There are a number of solutions for executing Python code in your active buffer in Vim.
All of these expect the buffer lines to be well-formatted Python code, with correct indentation.
Many times, however, I am working on program or other documentation (in, for example reStructuredTex or Markdown format), and the code fragments that I want to execute have extra indentation or line leaders.
For example, a reStructuredText buffer might look like:
How to Wuzzle the Wookie ------------------------- The :func:`foo` function can be used to wuzzle the wookie by:: >>> import bar >>> fuzzlewuzzle = bar.foo("the wookie") >>> for fuzz in fuzzlewuzzle: ... if fuzz is bar.buzz(): ... bar.wuzzle(fuzz)
While a Markdown buffer might have:
## How to Wuzzle the Wookie The ``foo`` function can be used to to wuzzle the wookie by: import bar fuzzlewuzzle = bar.foo("the wookie") for fuzz in fuzzlewuzzle: if fuzz is bar.buzz(): bar.wuzzle(fuzz)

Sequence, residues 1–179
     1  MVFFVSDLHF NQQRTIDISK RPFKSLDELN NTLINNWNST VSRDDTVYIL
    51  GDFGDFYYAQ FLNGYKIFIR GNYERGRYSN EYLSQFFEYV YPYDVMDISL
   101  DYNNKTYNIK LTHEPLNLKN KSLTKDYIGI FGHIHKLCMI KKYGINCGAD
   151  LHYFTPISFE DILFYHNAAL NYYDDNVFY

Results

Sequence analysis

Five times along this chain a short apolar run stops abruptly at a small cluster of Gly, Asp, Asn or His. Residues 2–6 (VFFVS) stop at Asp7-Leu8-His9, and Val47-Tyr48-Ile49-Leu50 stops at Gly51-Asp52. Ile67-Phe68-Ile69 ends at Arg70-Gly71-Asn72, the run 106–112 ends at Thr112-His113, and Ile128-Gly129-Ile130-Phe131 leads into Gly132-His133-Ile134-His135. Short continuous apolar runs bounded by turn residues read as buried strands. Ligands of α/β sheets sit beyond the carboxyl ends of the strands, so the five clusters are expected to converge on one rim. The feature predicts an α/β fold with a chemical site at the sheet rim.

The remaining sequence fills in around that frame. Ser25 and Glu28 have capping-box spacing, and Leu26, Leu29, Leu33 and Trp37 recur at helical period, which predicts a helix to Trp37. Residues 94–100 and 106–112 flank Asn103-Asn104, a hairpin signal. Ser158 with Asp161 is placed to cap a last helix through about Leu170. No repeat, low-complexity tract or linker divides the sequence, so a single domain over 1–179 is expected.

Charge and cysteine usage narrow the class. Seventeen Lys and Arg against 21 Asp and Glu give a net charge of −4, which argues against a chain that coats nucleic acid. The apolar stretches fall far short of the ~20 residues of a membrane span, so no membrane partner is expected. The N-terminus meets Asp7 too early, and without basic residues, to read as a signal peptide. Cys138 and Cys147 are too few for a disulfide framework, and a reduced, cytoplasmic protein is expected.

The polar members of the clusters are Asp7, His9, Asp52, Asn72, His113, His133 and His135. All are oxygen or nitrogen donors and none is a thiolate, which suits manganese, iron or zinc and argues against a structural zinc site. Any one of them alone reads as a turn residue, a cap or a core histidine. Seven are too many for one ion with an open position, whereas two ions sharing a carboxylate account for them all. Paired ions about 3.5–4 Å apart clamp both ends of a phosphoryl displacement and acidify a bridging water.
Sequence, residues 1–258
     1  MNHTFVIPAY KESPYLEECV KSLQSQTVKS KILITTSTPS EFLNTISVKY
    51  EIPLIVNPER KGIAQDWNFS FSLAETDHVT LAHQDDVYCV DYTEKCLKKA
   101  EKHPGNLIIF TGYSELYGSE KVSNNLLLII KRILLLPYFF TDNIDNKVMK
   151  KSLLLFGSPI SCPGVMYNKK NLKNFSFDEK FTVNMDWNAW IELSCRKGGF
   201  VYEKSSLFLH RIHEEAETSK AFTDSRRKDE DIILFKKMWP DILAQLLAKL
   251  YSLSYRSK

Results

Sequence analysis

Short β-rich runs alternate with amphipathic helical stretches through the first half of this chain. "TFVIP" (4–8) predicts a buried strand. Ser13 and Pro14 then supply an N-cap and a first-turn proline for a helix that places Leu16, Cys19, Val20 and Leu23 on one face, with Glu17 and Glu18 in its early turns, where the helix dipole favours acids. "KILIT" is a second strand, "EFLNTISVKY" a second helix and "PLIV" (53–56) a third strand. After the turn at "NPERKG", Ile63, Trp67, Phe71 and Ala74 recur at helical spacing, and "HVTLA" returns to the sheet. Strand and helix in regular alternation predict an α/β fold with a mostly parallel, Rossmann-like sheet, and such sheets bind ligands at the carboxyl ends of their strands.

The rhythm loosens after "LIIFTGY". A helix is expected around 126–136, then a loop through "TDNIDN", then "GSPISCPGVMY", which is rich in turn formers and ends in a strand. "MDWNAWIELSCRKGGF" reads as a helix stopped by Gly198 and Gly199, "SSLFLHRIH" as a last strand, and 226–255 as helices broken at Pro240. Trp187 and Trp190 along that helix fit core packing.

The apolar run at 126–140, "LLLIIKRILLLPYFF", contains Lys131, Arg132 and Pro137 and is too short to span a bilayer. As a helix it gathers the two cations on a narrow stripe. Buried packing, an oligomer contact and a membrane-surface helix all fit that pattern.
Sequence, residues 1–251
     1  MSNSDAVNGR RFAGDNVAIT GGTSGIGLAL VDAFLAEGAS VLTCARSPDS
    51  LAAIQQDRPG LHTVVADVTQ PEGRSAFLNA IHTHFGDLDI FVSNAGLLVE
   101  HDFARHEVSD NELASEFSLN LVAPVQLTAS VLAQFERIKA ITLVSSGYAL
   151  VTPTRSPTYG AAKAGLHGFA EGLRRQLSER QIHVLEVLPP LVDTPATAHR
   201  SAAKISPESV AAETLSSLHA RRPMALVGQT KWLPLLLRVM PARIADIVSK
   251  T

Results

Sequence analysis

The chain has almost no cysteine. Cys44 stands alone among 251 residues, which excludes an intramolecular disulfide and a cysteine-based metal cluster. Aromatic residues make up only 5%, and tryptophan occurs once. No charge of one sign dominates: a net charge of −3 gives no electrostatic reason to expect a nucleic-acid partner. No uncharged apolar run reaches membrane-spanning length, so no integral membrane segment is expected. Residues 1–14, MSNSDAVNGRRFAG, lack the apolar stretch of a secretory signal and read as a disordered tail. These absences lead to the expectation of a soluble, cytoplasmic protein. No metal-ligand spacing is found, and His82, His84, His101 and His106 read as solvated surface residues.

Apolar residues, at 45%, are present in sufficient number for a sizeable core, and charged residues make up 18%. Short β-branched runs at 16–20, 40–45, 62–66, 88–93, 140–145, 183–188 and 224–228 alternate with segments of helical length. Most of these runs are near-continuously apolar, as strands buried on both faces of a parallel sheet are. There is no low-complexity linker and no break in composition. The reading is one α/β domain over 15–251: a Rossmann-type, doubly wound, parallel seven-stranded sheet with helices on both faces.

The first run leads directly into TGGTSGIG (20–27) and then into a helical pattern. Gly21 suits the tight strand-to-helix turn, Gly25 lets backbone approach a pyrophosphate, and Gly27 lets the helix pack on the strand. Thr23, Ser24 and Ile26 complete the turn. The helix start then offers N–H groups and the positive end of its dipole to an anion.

Simply passing the code lines in the above text to be evaluated in Python will not do: the extra decorators and indents required for embedding the code in the main document need to be dealt with.
Furthermore, many of the solutions that I could find (a) require Vim to have been built with Python enabled, and (b) use Vim’s internal Python to evaluate the lines.
The first seems like an unnecessary constraint, considering that native VimScript can handle the pre-processing quite well, while the second is problematical if there are external packages in your default system Python that the internal Vim Python does not have or if you prefer using the default system Python for whatever other reason.
Here I describe a pure-VimScript solution that handles the execution of optionally-marked-up visually-selected line ranges in your default system Python, and either shows the results in the command window or inserts the results in the current buffer.
Installation and Usage
Include the following code in your “
~/.vimrc” or otherwise source it into your current Vim session.
Then select some lines of Python code and type “
:EvalPy” to evaluate the lines in the default Python session and show the results in the command window, or “
:EvalPy!” to evaluate the lines in the default Python session and insert the results in the current buffer.